Pope Francis's visit to the UAE is a historic moment that will live on in our memories

The pontiff's arrival represents the biggest international news event to have taken place in the nation's 47 years

MANILA, PHILIPPINES - JANUARY 16:  Pope Francis waves to thousands of followers as he arrives at the Manila Cathedral on January 16, 2015 in Manila, Philippines. Pope Francis will visit venues across Leyte and Manila during his visit to the Philippines from January 15 - 19. The visit is expected to attract crowds in the millions as Filipino Catholics flock to catch a glimpse of the leader of the Catholic Church in the Philippines for the first time since 1995. The Pope will begin the tour in Manila, then travelling to Tacloban to visit areas devastated by Typhoon Haiyan before returning to Manila to hold a mass at Rizal Park. The Philippines is the only Catholic majority nation in Asia with around 90 percent of the population professing the faith.  (Photo by Lisa Maree Williams/Getty Images)
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This week's visit by Pope Francis is breaking all sorts of records and is attracting a wide variety of superlatives. The first visit by a Catholic Pope to the Arabian peninsula; the largest open-air mass ever held in the region; the greatest gathering in the UAE of local and overseas journalists – nearly 700 of them, according to one estimate.

It’s the biggest international news event to have taken place here in the years since the UAE was established, both in terms of the size of the global audience following it and of its significance.

Even if they haven’t known much before about the UAE, most of the world’s estimated 1.2 billion Catholics will know something of it now.

For those with no direct involvement, the visit's most obvious impact may simply be its effect on daily life, as thousands of buses and cars take to Abu Dhabi's roads, ferrying worshippers to the Papal Mass on Tuesday.

However, during such painstakingly organised events, the public sees little of what goes on behind the scenes – not just the diplomatic discussions between both sides, but also the logistics, the security and much more besides. An array of ministries and departments are involved, quite apart from external bodies, such as, on this occasion, the local Catholic church.

Over the years, I have been involved with a number of other important visits to the UAE – none as enormous as this, of course, but I can still recognise the huge amount of work that has gone into it.

The main thing to consider when planning such an event is, quite simply, the timetable. During the visits to the UAE by Britain’s Queen Elizabeth, for example, one task for the advance team was to measure the route for her convoy of cars, to work out a schedule that was accurate, down to the minute.

Then there’s the need to work out the details of the programme. These formal occasions, such as attending meetings and visiting important sites, are simple enough, provided care is taken not to overburden the visitor with engagements.

What, though, about a visitor's personal interests? On visits by Britain's Prince Charles, he has been given time to paint the dunes of Liwa and to watch birds, while, on another visit, I accompanied him on a trip to see the early Christian monastery on Sir Bani Yas.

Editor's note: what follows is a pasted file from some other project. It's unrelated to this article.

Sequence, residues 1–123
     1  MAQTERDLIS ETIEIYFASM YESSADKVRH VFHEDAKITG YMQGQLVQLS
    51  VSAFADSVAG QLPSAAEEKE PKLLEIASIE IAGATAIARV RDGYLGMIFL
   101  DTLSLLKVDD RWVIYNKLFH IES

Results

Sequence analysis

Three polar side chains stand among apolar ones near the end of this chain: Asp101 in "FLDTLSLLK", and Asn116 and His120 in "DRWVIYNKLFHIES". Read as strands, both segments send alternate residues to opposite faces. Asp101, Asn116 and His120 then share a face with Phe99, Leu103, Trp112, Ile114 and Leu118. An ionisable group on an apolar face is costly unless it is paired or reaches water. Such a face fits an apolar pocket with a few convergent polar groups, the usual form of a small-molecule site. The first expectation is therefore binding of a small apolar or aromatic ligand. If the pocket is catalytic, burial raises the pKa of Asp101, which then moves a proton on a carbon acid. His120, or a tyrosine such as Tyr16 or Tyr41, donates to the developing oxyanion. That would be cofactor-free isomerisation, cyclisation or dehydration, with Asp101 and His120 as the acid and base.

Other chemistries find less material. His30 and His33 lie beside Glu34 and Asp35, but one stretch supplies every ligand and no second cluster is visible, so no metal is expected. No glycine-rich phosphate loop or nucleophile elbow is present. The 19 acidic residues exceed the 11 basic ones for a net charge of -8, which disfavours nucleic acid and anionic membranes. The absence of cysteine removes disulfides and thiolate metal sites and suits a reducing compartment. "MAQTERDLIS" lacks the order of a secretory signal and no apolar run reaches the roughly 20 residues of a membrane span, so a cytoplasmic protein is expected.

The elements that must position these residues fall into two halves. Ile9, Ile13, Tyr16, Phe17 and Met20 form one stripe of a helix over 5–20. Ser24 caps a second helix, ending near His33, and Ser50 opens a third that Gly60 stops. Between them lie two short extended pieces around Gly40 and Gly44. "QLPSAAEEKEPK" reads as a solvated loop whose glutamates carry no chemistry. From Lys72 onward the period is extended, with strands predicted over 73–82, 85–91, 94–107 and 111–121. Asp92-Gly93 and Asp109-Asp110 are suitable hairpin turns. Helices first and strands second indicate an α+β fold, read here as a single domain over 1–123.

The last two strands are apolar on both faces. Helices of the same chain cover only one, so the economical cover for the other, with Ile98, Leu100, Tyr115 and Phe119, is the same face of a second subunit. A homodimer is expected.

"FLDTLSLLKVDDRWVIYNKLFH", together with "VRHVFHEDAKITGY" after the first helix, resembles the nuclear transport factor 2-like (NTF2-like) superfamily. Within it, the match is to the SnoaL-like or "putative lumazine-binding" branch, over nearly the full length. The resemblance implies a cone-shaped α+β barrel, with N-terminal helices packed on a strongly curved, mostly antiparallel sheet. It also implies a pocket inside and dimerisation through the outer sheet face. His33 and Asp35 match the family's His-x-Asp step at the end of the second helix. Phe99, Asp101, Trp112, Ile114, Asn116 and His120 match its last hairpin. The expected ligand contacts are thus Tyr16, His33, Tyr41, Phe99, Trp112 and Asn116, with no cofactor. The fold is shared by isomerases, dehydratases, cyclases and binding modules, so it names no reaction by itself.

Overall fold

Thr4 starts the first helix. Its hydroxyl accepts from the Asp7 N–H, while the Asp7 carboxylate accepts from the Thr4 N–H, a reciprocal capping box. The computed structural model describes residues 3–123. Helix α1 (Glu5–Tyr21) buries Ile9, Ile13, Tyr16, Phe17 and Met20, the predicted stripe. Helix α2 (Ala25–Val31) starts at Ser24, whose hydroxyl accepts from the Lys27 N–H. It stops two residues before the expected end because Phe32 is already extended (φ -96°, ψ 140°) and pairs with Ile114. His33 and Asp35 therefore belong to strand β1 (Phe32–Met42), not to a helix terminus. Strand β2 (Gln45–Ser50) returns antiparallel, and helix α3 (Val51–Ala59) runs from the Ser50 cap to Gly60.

Given the short duration of the Pope’s visit, there’s no time for anything like that. However, there will have been much conversation between the planning teams to ensure that a comfortable compromise is reached between the wishes of both visitor and hosts.

While there’s always the hope that everything will run like clockwork, theirs is also the possibility of the occasional hiccup, and that must be taken into account as well.

Pope Francis is, in the very best sense, a humble and simple man, coming to the UAE on a mission to promote the values of tolerance, dialogue and human brotherhood. This will, I am sure, have helped the teams on both sides who have been working, for months, to take care of every tiny detail.

However finely tuned a programme is, however, there’s always the possibility of something unexpected happening.

During a visit by the South African president Nelson Mandela, for example, an early-morning walk along the Corniche was planned. The necessary security was in place and all began well until, suddenly, our guest insisted on stopping to chat with some municipality gardeners. Consternation ensued, but he wasn’t to be diverted.

Years ago, I accompanied the visiting Chief Minister of Jersey to a meeting with the Ruler of Sharjah. Following our conversation, we were just about to leave for our next appointment when the Ruler insisted that we go and see one of his prize projects, the Desert Wildlife Park on the road to Dhaid. It was a delightful diversion, but one that left the rest of the programme in tatters.

Still, it is often the spontaneous, unplanned moments that make such occasions truly extraordinary. This is a fact that will be understood by the many hundreds of men and women who have worked so tirelessly to ensure that this historic visit will live on in our memories for many years to come.

Peter Hellyer is a consultant specialising in the UAE’s history and culture